Complete transparency here…I did not like playing Pac-Man as a kid. I just wasn’t a fan of it at all. I know I am supposed to think it is amazing as one of the founding video games, I just didn’t care for it much.
But looking back on it, I think there are a couple lessons we can really learn as educators from our little yellow circle friend.
- Pac-Man was extremely focused on his goal.
- Pac-Man was aggressive when it was smart to be aggressive.
- Pac-Man had an amazing amount of perseverance.
- Pac-Man kept it simple.
Pac-Man was extremely focused on his goal. His only purpose in life was to eat all the dots and not get killed by the ghosts. He was not created to do anything else, that is it. Many times as admin, we can get sidetracked with so many things [many that are good] that we lose site on our true goal. I cannot tell you what your goal is for you students, staff, school site, or career, but I am pretty confident that you have distractions. The more you can focus on your goal and lesson your distractions, the more effective you will be.
Pac-Man was aggressive when it was smart to be aggressive. He had a goal that was not a quick task and he had opposition, but the slow-play was sometimes the best. Pac-Man did not try to eat a ghost when they were not blinking. He knew this would not end well. But when it was time to go after them, he did. As an admin, you cannot always go full tilt after a goal/initiative/idea. It just doesn’t work that way. There are times when the slow play makes much more sense, and in the long term is more effective. I think the main reason for this is we are in an industry driven by and for people, and people resist change. Be aggressive towards your goal when it is smart to do so.
Pac-Man had an amazing amount of perseverance. This little yellow circle guy has one task, eat all the dots, and yet there are these ghosts trying to eat him. Why, who knows, but they are. There is technically no end to Pac-Man even though a glitch makes is so the game does end, so Pac-Man is in a never-ending maze of dots with ghosts trying to eat him and he just keeps going. I can promise you this if you are an admin or are thinking of becoming one, IT NEVER STOPS! The average person makes 35,000 decisions a day (most be small decisions), speaks 16,000 words per day, and walks 5200 steps per day. Various research has show educators make anywhere from 1500 to 5000 extra decisions a day depending on their role and use more than 30,000 words per day. Personally, I hit 12,000 to 18,000 steps most days. The point is you will be very busy and need to persevere in order to be effective.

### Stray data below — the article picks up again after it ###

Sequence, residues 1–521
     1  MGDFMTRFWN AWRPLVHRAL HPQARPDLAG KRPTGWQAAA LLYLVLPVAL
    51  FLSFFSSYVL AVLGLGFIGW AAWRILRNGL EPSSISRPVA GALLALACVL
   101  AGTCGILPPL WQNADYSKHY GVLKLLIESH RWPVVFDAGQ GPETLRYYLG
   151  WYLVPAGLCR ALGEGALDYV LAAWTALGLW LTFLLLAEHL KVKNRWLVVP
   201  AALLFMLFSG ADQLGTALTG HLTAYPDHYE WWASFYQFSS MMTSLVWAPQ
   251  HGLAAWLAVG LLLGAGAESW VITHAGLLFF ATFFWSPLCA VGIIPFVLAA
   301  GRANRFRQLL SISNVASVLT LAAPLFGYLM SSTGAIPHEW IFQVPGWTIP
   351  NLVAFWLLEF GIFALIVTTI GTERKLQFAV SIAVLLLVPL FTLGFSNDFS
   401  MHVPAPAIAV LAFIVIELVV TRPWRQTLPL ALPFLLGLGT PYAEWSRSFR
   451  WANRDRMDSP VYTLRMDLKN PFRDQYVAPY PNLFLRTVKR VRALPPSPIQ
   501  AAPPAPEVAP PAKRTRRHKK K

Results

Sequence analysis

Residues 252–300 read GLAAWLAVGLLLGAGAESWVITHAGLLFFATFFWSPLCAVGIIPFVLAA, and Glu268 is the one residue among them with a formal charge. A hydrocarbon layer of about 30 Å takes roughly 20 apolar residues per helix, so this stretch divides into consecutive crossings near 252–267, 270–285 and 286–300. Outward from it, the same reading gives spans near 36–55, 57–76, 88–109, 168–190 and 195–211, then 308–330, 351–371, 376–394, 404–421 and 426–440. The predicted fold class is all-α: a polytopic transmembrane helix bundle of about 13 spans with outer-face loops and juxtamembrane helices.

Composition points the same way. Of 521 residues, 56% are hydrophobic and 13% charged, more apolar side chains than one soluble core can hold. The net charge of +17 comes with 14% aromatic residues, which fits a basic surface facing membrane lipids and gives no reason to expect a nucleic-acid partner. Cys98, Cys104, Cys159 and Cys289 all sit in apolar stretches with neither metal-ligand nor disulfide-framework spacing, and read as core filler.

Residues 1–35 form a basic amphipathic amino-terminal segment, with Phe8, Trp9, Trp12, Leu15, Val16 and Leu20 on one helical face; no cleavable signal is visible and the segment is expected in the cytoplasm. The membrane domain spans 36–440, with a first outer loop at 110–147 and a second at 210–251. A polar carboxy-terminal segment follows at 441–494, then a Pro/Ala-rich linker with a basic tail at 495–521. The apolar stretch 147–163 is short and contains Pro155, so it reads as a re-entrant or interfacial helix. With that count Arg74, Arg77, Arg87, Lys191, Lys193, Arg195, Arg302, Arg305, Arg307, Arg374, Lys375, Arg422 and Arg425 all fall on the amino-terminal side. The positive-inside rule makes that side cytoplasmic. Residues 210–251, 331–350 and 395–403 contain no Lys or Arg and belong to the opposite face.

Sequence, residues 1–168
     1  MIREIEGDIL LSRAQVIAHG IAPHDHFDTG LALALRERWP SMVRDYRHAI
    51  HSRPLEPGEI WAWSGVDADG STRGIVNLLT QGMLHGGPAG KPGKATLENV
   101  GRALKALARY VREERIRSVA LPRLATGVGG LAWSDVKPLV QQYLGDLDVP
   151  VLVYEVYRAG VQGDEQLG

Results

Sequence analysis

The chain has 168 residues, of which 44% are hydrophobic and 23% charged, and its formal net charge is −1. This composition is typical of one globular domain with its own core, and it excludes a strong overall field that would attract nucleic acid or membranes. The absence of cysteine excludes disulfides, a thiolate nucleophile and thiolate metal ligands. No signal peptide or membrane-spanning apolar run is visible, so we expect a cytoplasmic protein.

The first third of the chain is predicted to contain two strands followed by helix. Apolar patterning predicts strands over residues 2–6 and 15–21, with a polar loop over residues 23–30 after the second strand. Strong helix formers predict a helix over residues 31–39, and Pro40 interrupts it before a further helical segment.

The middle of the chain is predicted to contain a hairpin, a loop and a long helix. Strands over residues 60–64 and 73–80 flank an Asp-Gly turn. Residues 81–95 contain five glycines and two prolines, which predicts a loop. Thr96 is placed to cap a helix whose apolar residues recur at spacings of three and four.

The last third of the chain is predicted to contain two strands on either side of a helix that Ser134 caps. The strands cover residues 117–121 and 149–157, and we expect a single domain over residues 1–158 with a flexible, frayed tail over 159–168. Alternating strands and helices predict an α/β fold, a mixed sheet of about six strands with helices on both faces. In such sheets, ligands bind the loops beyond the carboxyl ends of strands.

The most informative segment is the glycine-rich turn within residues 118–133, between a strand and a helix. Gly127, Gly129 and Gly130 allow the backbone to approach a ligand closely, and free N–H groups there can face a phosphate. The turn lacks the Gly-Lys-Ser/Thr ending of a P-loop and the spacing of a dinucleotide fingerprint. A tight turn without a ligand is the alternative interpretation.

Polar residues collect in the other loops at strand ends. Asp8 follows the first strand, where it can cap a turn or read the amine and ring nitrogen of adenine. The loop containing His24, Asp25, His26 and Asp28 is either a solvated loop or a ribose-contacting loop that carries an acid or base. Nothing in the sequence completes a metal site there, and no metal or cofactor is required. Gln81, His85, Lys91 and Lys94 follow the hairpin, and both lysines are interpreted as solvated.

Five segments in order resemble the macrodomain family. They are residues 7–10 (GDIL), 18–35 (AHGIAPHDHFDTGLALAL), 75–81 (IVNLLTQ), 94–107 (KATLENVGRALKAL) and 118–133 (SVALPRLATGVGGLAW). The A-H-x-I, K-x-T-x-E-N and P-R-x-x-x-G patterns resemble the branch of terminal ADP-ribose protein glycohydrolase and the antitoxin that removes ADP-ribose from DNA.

Pac-Man kept it simple. Pac-Man is a round circle, trying to eat dots in a maze. It is not rocket science, yet there is something very alluring about the simplicity. I know the longer I have been an admin, the more I have tried to simplify, the better I have become at my role. People do not like things that are complex, so the fact is the more you can simplify for your staff, the more effective they can be.
Keep chasing your dots like our little yellow friend.